The majority of The Hot Zone is written from the third-person omniscient point of view. The author is not simply composing characters’ thoughts and emotions. This book recounts a true story, and Richard Preston interviewed many people to learn directly from those involved. Therefore, the reason the author is able to be omniscient is because he has taken great pains to be accurate in his telling of the tale.
If he describes someone’s internal reaction to an event, he is relating what that person told him. He is also careful to give credibility to everyone’s viewpoints in the cases where people have conflicting recollections of a sequence of events. There are a few places in which the point of view switches to first person. This is a result of the author’s reporting on his interviews with the various people engaged in the crisis at Reston, as well as those involved in earlier Ebola outbreaks. This serves to remind the reader that the story is not a piece of fiction, and it also allows the author to tell portions of the story in the participants’ own words.
There are multiple settings in the book because it spans a long period of time (1980 to 1993) and follows viruses all over the world. Much of the African portion of the story takes place in Kenya and Sudan, and the real centerpiece is Kitum Cave in Western Kenya. The story starts and ends there though under very different circumstances. On the international level, there are also references to the Marburg virus’ stint in Germany, and a monkey farm in the Philippines. Aside from these brief mentions, the true settings of the story are Africa and the United States. The fact that the potential Ebola outbreak is happening so near the capital of one of the most powerful nations on earth definitely adds to the tension of the story.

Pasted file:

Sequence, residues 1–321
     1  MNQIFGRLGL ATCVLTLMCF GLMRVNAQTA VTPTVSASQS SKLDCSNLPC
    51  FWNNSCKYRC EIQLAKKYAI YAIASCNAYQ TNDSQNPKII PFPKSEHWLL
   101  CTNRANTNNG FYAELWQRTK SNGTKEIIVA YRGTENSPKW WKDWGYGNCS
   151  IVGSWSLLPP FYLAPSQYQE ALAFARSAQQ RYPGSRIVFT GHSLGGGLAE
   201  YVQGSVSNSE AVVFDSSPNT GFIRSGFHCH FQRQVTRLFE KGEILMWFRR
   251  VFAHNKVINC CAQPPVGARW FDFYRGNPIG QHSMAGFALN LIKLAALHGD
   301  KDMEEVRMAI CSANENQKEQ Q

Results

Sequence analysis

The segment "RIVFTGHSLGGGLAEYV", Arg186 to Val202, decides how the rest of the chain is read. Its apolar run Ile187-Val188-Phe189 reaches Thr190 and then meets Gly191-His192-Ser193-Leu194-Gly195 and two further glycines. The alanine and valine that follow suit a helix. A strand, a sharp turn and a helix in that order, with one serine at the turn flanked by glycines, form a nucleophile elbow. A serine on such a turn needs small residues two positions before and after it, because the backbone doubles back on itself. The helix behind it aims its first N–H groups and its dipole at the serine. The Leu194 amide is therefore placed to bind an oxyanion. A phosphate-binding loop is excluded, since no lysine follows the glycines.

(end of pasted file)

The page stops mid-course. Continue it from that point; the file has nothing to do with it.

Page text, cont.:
The language used in The Hot Zone is very explanatory. The novel could easily have been a litany of medical terms and acronyms. It is a factual story involving science, medicine, government, and military. The author is concerned with drawing the reader into the story. He wants to generate such a vivid picture that it is sporadically quite upsetting. Richard Preston’s capacity to write literature is also obvious. His use of imagery is very successful. By the time there is an outbreak in the monkey house, the reader has been thoroughly apprised of the terribly agonizing, fierce death that awaits anyone infected by the virus. Throughout the entire story, Preston amalgamates scientific perception with fictional writing.